Not Just a Nutty Idea

It’s getting hard to figure out how much more of a good thing the good folks at Gatorade are going to be able to come up with.

They’ve co-opted the weather: it’s Ice, Frost, and Rain. They’ve labeled it by intensity: it’s X-tremo, it’s Fierce, it’s got Endurance, it’s got that X-Factor (does that mean that in France, it’s Gatorade Je Ne Sais Quoi?). It’s not just Original, either. Now, it’s added enhanced water, and that’s the kind of thing that has served to Propel it even farther into the stratosphere of category dominance.

So rather than tinker with their formula, they’ve decided to ascribe it to a particular time of day, with plans to launch Gatorade A.M. – the same product, but with ‘morning friendly’ flavors – in the New Year.

And when you’re on a roll, why not keep on going? Besides the numbers, which are so dominant it’s hard to imagine why anyone else would even bother – a glance at just about any convenience cooler or supermarket shelf will tell you that when it comes to sports drinks, Gatorade has created a divine monarchy.

That doesn’t mean that its ability to address hydration needs is necessarily God-given, though, and plenty of secular studies are addressing whether the electrolyte mix Gatorade has used as its meal ticket for so long are really the best possible way to maintain or restore fluids during athletic exertion.

The most bizarre of these studies was a recent exercise trial at Indiana University in Bloomington, where researchers found that when cyclists drank low-fat chocolate milk after exhausting themselves, they biked longer and harder four hours later than those who drank sports drinks. Other studies have linked adding caffeine or protein to the electrolyte mix as keys to achieving optimum re-hydration. And many athletes swear by water, soda, Red Bull, or, if we believe the Babe Ruth mythology, beer and hot dogs. The point is, the more science digs into hydration, and the more consumers delve into it themselves, the more varied the need state appears, even with regard to exertion.

But it’s tough to argue with success. Gatorade scientists obviously have their own counter-studies at the ready, and the Gatorade formula is tried and true, according to company representative Heather Mitchell, who makes it clear that we won’t be seeing caffeine and chocolatefortifi ed Gatorade Buffet anytime in the near future.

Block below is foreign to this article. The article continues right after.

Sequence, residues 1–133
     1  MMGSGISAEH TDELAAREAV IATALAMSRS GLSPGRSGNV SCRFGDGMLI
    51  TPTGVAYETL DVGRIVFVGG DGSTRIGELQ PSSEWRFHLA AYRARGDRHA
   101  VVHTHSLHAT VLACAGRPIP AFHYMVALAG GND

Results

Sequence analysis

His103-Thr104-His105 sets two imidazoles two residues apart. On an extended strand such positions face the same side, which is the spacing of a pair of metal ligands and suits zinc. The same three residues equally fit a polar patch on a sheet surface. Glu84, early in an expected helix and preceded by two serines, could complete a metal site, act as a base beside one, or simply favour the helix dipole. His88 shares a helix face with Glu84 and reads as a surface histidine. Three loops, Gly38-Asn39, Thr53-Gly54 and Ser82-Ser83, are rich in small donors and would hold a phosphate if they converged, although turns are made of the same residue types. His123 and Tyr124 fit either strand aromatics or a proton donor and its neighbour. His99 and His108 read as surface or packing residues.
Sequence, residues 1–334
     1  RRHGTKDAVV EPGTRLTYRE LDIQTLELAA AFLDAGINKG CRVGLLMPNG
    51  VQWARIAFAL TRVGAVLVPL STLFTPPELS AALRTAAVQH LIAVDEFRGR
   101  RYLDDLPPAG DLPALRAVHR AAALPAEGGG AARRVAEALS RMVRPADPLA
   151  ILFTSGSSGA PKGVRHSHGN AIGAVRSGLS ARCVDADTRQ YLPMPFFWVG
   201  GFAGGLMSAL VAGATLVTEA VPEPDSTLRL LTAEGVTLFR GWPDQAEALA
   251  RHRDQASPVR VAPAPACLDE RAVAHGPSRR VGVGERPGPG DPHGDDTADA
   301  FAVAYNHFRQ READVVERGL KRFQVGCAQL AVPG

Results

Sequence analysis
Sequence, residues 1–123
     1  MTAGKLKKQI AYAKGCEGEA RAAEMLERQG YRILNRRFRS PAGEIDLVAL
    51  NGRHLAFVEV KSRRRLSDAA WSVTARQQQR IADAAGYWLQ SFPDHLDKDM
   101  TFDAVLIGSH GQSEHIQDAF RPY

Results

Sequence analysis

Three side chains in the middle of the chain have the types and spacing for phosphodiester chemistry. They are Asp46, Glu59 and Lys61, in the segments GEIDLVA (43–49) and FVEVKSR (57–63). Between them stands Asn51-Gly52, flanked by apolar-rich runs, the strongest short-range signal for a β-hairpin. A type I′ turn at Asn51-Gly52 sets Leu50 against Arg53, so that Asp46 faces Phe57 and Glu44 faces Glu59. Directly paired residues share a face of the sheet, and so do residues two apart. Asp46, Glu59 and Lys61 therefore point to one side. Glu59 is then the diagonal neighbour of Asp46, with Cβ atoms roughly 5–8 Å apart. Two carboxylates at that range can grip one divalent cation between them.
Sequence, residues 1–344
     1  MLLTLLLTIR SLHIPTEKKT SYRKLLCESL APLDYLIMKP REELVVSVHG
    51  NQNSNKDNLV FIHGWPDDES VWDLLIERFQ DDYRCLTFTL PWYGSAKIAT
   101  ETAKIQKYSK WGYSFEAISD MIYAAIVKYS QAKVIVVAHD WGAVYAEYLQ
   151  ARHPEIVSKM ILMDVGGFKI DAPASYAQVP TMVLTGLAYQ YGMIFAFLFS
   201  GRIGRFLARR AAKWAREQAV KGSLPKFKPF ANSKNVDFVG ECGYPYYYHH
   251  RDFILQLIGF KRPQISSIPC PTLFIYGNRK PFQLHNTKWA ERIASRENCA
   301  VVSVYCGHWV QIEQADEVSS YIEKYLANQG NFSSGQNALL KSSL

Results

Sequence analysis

Nevertheless, there are challengers out there, and given the increasing levels of interest in what effects particular additives or formulations might have on the functionality of beverage products, it’s important to survey the field. A glance at the product roundup on the facing page shows that there are plenty of products that haven’t yet given up their pursuit of the category leader.

It also reveals a subset of natural products that are fast growing in popularity: coconut water. And if that seems out of place, consider the science: according to their manufacturers, coconut waters, made by harvesting the watery fluid inside an immature coconut, are naturally high in electrolytes like potassium, sodium, calcium, magnesium and phosphorous while avoiding much of acidity that can accompany other drinks.

“It’s just the next step in sports drinks,” says Tiffany Wattanaporn, vice president of family-owned Taste Nirvana, which is launching four coconut water SKUs at retail next year. “It’s nature’s way of doing it.” Wattanaporn isn’t alone in making those assertions. Producers like Zico (one distributor called it “the most exciting product I’ve seen in a long time,”), Amy & Brian and Vita Coco – which expects to sell more than 2.5 million of its Tetra-Pak cubes this year, according to owner Michael Kirban – are all banking heavily on the growth of the coconut water market.

“It’s really getting some good press, and people are just talking about it as a natural alternative to all the products out there,” says Kirban. “And it’s one, single ingredient, and people like that simplicity.” So that’s it, right? Game over? Start stocking up? Well, again, look at your cooler. Feel the power of marketing. Sure, in looking up at the mountain of market share they’ll have to climb to approach the category leader, these guys might all be (coco)nuts. But on the other hand, having them around does mean you won’t have to drink Gatorade MOO….